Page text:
- December 6, 2013
- 8:09 pm
- Christine Sofranko
MASJCD Student Xochitil Anda on the Migrant Worker, from the Motherland
To my dearest child, the immigrant:
I am Tenochtitlan, land of the Aztecs, your motherland. Gone are the days when we were the dominant culture. We have been conquered by a stranger, who tore down our beliefs and placed a cross in our hands. Our worship forever changed; our language replaced with their language. My dearest child, you are no longer just an Aztec. Now you are the product of a painful war between us and them. I wish we had joined other tribes from our land and fought against them. But the reality is that now we are a different culture. You were once called an Aztec, now you are called a Mexican. Do not be ashamed, instead remember me, your motherland.
Remember me as you travel to another land. You leave me because I can no longer feed your hunger, quench your thirst and protect you from the modern day conquistadors. These modern day conquistadors are wealthy just like the first conquistadors. They use their wealth to build monuments of power at the cost of people like you. It saddens me that you must leave me, but I understand that you have a family to provide for. I hope that as you travel and settle in the other motherland that you teach your children about me. Teach them about your motherland.
It is likely that this new land will not richly mention our history or their current involvement with your motherland. You must teach them about us, the Aztecs, the Mexicans, and even all of us Latin Americans. Now that you are in this new land, treasure it just at its original natives did at one point in history. Prior to being forced out of their lands, just like you, they were conquered by a stranger. They were taken out of their own homes and made slaves. They were perceived to incompetent, though you and I know that given our cultural and historical similarities, they were much more incompetent. This new land that you are going to is beautifully chaotic. It possess a complicated history marked by slavery, oppression, and injustices.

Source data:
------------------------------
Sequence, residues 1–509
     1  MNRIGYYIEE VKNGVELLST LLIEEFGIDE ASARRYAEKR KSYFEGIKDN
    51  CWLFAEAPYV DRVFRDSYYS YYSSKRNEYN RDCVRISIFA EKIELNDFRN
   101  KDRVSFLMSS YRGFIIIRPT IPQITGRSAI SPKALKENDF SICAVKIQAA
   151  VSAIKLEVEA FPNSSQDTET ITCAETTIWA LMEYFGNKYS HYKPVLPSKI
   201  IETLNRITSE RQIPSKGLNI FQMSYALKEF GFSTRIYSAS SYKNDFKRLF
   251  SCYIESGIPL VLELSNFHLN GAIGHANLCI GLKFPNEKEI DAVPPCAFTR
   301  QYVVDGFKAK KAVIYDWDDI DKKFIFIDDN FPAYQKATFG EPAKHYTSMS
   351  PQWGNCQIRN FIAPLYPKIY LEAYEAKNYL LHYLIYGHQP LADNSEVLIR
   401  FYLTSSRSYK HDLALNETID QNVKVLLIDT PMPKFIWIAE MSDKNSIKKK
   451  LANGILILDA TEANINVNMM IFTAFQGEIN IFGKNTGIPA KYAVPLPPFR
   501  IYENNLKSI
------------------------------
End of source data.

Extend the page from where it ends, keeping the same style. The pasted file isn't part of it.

I must warn you of the sufferings you will encounter in this new land. You may find yourself working in the fields or meat packing factories for long hours only to receive a minuscule paycheck and harassment as a tip. At times you will be haunted like animals, to be packed in a bus and shipped back to “where you came from”. Do not let what happened in Postville Iowa, 2008, frighten you. Yes, it was an outrageous I.C.E. raid. Be wary my child, this new land is not always welcoming. So as you wipe the sweat of your face and feel your back ache remember that I will always be your motherland loving you from afar. The new land is rich because of people like you and others cultures who share our tragic history of oppression.
I hope that in this new land you follow the urgency of Martin Luther King Jr. and join hands with your new African-American brothers and sisters. They too were conquered, though unlike you their ancestors were forced into this land. Eat with them, share your stories and have discussions. Embrace the Hotinoshonni’s vision of coexistence. My dearest child, join hands with every color of skin and stop these conquistadors from stealing innocent cultures. Echoing Alice Walker, do not believe them when they tell you this is not your land. It is your land. I leave you with a gift, it is a simple lens. This lens is made up of compassion, empathy, and marvelous creativity. Use it wisely and pass it down only as a gift. This way it will be free for everyone to use. So march on my dearest child, I Tenochtitlan, your mother land will always love you.
Your motherland, Tenochtitlan.
Inspired by Dr. King’s letter and Welch, I decided to write a letter to a migrant worker from the perspective of Tenochtitlan. Tenochtitlan is modern day Mexico City. This city was founded by the Aztecs. Legend has it that the Aztecs build the city after seeing an eagle holding a snake by its peak while resting on a cactus. This was a sign from their god to build their kingdom. To make the long story short, the Spaniards conquered the Aztecs and other tribes. Spain ruled over Mexico for a long time and it was not until September 16th 1810 that Mexico gain its independence. Thus with this date in mind, I reflected on my personal cultural history while incorporating some of the struggles migrant workers face. Such as the raid in Postville, Iowa. This a small town with a large amount of Latin American immigrants. ICE basically showed up at a meat packing factory and deported a significant amount people. For more info on this raid: http://www.nytimes.com/2012/07/15/magazine/postville-iowa-is-up-for-grabs.html?pagewanted=all&_r=0